CommonApp College Essay

I have now completed my first full week of college and would love to share with all of you the essay I wrote for my college applications…enjoy!

Prompt: Some students have a background, identity, interest, or talent that is so meaningful they believe their application would be incomplete without it. If this sounds like you, then please share your story.

I have a lot in common with the peanut. On the outside I have a tough shell, but on the inside, I have more of a soft crunch. Sometimes I can be a little salty, but more often I’m sweet. Plus, I’m really small – the five feet tall kind of small. Although I have similarities with the peanut, paradoxically enough, I can’t eat it. I even needed multiple people to describe  the taste of a peanut to me for that characterization above. It’s not that I don’t like it, or am a super picky eater; I’m severely allergic to it, and have been since birth. It’s not just peanuts though. Ask me what I’m allergic to and I’ll respond with a well-rehearsed

“milkeggsbeefpeanutslambsesamecarrotsstrawberriesandnuts.”

I understand that this is a jaw dropping list. In a small town like mine though, it’s no surprise that I am the only person with nine food allergies. However, food allergies are only isolating if you allow them to be. Through my food allergies, I have learned that I am a part of something larger than myself. I am one of 250 million people, one of 15 million Americans, and one of 1.2 million American youth. I may be one person with nine food allergies, but I am one person who can make a difference.

Just as peanuts are grown in clusters and sold together in cans, I want to be united with those that are like me. In August of 2012, I began my journey to achieving this connection when I created my blog “Allergy Alli” as my Girl Scout Silver award and became an advocate for those with food allergies. With every post published and every page view tracked, my digital presence increased, although it was mainly with an unintended audience. I originally aimed to reach out to my peers, but quickly discovered that I gained more interest from the parents of children with food allergies. I often receive messages, emails, and comments from these parents that are filled with encouragement and gratitude for sharing my experiences. Through my blog, these parents gain a better understanding of their children’s disease and what the future potentially holds for them.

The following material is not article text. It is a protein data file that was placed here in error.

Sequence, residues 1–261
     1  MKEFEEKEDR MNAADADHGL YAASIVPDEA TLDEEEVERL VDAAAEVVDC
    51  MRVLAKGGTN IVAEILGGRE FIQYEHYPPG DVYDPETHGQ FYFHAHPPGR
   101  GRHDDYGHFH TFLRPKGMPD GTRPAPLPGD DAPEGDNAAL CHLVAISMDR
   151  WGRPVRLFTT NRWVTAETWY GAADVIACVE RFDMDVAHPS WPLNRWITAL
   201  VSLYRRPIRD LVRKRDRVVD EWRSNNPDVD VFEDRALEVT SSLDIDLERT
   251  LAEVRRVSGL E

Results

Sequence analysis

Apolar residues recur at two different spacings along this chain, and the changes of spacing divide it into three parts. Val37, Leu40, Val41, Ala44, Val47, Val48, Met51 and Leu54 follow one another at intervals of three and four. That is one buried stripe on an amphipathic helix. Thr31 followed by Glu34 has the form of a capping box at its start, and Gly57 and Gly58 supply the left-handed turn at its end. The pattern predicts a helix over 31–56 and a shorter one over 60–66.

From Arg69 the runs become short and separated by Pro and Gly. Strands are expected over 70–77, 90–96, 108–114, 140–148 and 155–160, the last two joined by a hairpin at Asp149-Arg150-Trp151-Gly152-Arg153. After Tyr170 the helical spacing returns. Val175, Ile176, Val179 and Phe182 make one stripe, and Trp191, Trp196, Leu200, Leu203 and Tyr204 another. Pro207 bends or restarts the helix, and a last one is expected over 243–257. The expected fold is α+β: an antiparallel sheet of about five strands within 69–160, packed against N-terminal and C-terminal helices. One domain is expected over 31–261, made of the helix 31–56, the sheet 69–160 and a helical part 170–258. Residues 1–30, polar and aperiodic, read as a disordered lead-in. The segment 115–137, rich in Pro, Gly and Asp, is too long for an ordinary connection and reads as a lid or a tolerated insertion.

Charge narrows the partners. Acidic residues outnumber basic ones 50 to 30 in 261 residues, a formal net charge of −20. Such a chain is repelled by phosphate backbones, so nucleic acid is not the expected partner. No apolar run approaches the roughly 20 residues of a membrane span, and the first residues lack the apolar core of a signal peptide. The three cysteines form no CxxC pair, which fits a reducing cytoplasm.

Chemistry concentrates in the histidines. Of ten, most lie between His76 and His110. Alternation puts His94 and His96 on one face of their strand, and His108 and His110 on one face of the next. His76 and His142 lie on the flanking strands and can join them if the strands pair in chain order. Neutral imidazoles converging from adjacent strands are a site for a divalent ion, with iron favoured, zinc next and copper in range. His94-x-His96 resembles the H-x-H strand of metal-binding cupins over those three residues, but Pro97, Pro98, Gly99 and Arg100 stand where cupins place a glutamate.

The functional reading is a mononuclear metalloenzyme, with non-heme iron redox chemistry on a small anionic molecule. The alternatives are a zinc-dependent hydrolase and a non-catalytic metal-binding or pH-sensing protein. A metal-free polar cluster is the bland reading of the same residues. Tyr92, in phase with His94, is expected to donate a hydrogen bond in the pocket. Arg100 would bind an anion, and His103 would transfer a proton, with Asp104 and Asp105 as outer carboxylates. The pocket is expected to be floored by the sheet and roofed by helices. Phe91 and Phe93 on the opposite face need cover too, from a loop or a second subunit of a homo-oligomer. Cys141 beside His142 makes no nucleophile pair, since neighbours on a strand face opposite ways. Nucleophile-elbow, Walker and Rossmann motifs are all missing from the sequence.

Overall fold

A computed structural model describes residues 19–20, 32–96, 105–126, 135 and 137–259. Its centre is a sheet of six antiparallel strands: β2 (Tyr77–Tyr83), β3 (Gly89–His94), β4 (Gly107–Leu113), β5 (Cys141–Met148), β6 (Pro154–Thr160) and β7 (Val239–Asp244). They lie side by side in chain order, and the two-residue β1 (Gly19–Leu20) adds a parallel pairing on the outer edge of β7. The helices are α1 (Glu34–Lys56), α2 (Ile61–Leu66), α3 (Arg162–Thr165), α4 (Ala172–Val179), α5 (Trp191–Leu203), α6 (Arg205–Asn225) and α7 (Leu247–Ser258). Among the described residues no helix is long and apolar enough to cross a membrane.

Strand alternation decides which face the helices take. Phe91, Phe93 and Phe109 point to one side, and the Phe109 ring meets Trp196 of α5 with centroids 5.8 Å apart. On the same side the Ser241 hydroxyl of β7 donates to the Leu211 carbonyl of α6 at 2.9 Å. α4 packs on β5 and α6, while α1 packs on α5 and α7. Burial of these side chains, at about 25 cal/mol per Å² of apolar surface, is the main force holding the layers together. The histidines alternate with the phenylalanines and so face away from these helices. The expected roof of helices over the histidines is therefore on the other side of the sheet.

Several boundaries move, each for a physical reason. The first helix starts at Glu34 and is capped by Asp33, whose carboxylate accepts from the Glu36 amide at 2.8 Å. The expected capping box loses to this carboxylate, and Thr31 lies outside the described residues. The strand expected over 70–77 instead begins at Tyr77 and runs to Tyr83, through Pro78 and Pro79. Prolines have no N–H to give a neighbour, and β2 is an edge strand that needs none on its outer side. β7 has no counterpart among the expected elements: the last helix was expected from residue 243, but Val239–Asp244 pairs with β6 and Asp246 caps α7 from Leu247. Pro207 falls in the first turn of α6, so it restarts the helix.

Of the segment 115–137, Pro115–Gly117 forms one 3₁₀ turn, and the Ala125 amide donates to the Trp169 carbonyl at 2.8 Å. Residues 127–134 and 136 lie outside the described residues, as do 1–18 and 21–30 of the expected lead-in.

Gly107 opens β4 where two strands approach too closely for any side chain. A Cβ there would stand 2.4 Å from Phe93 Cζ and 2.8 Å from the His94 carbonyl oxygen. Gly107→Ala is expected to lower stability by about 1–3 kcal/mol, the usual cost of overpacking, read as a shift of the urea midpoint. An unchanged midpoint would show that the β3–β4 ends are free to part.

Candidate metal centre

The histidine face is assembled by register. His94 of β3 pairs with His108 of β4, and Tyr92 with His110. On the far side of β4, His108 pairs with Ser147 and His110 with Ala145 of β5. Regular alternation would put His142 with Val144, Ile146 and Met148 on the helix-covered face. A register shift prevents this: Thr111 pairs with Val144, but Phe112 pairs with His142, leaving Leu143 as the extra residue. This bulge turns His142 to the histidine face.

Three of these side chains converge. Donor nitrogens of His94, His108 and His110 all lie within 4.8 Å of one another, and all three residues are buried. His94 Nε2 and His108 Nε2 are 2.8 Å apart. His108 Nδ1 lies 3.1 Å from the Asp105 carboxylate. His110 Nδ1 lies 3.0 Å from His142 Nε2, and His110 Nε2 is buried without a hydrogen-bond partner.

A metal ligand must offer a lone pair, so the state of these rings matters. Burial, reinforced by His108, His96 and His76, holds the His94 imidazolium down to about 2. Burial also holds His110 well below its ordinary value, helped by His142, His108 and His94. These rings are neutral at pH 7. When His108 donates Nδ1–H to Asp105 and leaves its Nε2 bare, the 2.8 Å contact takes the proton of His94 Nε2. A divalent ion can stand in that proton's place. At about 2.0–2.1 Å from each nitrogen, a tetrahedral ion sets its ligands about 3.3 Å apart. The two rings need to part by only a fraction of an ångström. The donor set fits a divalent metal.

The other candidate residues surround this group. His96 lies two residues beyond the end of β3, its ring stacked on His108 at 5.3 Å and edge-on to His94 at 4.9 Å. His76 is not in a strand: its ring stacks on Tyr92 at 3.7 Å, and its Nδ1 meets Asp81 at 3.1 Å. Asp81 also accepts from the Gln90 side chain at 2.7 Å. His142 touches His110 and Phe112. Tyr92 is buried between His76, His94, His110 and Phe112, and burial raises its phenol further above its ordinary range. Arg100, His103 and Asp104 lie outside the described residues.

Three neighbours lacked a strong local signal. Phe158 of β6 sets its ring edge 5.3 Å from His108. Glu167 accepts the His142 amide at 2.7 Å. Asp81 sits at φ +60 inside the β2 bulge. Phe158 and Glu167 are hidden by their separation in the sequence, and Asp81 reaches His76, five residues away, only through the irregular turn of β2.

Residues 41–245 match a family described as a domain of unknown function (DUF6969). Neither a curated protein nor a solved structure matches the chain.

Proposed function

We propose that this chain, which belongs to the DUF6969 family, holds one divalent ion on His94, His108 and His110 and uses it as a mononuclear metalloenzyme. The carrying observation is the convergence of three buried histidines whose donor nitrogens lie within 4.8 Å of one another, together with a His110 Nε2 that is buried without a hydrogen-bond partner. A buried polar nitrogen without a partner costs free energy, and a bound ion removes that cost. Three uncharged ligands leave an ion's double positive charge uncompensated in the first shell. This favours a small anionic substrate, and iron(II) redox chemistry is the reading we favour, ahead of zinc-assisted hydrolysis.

As the page views continued to mount and the “likes” on my corresponding Facebook page continued to grow, I took another step in advocacy. I applied and was accepted into the Food Allergy Research and Education’s Teen Advisory Group, also known as TAG. I am now one of 40 members out of a multitude of applicants who applied nationwide, which has given me another opportunity to connect and learn with other allergic teens. The more I wrote, commented, and connected with this group and my followers, the more I learned that the power in my words positively impacts others and makes a difference in their lives.

Just as peanuts take on many different forms, there are more sides to me than just “The Girl with Food Allergies.” I am a scholar, performer, musician, photographer, cheerleader… I can just as easily be found curled up reading Les Misérables as I can be found singing “I Dreamed a Dream.” I almost always have a camera dangling from my neck or my pompoms shaking in my hands. It’s these characteristics that I tend to write about on my blog because it’s never been about my food allergies, but how I live with them. My food allergies are a large and important part of who I am, but they are not everything I am.

When I was younger, I hated being different and set apart from everyone else. I’ve come to learn, however, that food allergies are what you make them. Now, I don’t mind being different if it means I can make a difference. The best part is, I have many more years ahead of me, and I’ve only just cracked the shell.